A local cleric in the city of Mardan, Khyber Pakthunkhwa Province, Pakistan, was killed by a mob on 6 May after he was accused of making a blasphemous reference during a political rally of former Prime Minister Imran Khan’s party.
Maulana Nigar Alam, 40, reportedly stated ‘Imran Khan is a truthful person and I respect him like the Prophet,’ while addressing a rally arranged by Pakistan Tehreek-i-Insaf (PTI) Mardan in the Sawaldher area, to express solidarity with Imran Khan and the judiciary on 6 May.
The remarks, which were considered blasphemy, prompted a group of those gathered at the rally to attack Mr Alam. Police were called to the venue and proceeded to lock him in a shop for his safety, however whilst talks were being held with the clerics, the mob, which primarily comprised of PTI activists, broke the shutters of the shop and took Mr Alam out by force. They began to kick him, beat him with sticks and ultimately lynched him to death. Video footage of the cleric’s speech and of his killing went viral on social media.
This is the second incident of mob violence and killing in Pakistan in 2023. On 11 February a man suspected of committing blasphemy was lynched in Nankana Sahib, Punjab Province.
There have also been previous attacks of this nature in Mardan. On 13 April 2017, Mashal Khan, a student at the mass communications department of Abdul Wali Khan University, was killed over blasphemy allegations by a mob.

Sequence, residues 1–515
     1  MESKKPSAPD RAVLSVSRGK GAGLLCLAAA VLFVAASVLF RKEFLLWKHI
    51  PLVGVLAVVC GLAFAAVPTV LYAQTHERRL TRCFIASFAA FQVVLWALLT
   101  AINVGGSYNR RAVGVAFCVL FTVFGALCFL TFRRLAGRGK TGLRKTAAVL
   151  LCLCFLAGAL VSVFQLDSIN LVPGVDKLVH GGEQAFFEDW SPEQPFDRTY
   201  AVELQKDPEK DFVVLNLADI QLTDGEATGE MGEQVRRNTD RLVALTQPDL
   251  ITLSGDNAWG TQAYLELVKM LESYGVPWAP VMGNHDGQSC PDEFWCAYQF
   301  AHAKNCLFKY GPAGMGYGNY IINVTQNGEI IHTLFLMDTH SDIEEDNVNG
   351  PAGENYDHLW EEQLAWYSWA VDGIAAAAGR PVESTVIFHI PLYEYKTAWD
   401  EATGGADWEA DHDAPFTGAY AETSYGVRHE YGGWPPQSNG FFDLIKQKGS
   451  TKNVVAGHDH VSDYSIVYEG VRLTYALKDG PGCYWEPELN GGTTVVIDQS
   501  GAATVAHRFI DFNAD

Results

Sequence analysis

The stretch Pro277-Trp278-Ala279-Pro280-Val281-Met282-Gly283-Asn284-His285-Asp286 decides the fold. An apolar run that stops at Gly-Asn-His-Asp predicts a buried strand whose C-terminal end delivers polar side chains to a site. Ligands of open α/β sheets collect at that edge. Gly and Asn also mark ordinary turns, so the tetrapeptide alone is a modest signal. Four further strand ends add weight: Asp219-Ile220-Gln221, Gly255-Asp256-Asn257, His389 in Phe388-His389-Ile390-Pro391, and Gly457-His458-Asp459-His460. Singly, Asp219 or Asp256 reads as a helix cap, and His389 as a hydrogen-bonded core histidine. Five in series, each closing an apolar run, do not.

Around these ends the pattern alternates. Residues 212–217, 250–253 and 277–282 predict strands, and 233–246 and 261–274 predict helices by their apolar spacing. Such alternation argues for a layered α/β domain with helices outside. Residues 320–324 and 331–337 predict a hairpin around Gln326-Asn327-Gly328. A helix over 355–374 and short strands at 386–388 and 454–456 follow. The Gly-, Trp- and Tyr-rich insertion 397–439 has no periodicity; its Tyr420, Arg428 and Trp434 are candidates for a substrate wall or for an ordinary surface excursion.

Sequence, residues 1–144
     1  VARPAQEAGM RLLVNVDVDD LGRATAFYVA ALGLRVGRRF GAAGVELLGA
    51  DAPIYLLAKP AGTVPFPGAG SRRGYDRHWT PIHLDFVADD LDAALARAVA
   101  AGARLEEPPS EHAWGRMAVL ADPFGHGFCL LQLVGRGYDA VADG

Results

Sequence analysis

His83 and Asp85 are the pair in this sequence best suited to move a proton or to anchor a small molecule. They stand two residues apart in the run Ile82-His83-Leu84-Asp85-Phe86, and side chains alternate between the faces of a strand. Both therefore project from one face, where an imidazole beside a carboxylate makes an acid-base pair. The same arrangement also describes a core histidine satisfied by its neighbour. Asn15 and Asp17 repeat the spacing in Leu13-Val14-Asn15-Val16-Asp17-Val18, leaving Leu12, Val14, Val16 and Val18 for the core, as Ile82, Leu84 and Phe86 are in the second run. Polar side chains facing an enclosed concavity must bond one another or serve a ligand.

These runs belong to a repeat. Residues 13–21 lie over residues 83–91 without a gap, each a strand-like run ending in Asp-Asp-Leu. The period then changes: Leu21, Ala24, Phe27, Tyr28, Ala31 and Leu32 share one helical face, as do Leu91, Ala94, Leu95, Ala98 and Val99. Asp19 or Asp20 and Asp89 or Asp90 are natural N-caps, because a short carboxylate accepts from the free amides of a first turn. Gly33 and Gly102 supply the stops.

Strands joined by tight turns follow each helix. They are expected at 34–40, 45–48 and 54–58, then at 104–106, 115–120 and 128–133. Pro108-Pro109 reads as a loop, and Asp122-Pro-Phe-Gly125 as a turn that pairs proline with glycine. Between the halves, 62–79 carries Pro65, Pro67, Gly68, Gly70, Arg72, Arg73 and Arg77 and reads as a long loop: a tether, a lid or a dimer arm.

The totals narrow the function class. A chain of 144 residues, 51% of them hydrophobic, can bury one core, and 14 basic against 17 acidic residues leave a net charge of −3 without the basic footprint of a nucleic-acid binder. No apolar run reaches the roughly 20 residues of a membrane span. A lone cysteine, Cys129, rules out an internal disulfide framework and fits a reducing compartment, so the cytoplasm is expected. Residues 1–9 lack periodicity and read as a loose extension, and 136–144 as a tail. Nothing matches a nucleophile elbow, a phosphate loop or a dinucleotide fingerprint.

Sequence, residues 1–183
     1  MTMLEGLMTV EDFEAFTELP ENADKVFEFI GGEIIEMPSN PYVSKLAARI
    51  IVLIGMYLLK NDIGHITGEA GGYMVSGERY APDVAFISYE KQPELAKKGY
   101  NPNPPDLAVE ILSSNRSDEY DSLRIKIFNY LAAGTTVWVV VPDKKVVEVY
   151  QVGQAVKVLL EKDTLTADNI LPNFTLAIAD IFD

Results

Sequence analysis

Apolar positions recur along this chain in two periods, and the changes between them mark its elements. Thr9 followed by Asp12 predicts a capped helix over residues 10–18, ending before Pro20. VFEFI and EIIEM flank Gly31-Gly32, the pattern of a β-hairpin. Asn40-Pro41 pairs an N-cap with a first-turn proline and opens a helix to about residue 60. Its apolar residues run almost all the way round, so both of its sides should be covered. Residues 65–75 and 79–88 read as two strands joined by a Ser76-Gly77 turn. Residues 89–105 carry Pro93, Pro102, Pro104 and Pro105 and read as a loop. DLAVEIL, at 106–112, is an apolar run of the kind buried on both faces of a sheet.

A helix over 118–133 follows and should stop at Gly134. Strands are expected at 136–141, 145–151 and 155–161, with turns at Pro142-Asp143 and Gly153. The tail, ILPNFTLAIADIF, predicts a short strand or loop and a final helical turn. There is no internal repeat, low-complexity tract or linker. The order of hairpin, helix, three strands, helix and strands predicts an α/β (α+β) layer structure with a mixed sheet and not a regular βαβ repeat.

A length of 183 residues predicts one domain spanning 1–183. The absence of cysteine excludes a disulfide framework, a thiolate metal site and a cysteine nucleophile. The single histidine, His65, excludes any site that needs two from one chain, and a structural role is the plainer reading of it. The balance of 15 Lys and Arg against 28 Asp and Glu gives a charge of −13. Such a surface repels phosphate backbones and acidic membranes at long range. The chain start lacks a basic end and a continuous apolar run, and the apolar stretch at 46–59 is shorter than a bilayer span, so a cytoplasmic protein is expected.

Pakistan’s blasphemy laws criminalise anyone who insults Islam, including by outraging religious feeling, which carries the death penalty or life imprisonment. These laws are poorly defined and require low standards for evidence. As a result, they are often used as a weapon of revenge against both Muslims and non-Muslims to settle personal scores or to resolve disputes over money, property or business.
CSW’s Founder President Mervyn Thomas said: ‘CSW extends our deepest condolences to the family and loved ones of Maulana Nigar Alam. His tragic murder is yet another disturbing reminder of the dangerous implications of Pakistan’s notorious blasphemy laws. We reiterate that these laws are wholly incompatible with the fundamental right to freedom of religion or belief and must be reviewed urgently, moving towards their full repeal in the long term. We also call on the Pakistani authorities to ensure that a full investigation is carried out, and that all those responsible for this horrific act are held to account. It is necessary for the government to enforce the rule of law and not allow anyone to take the law into their own hands.’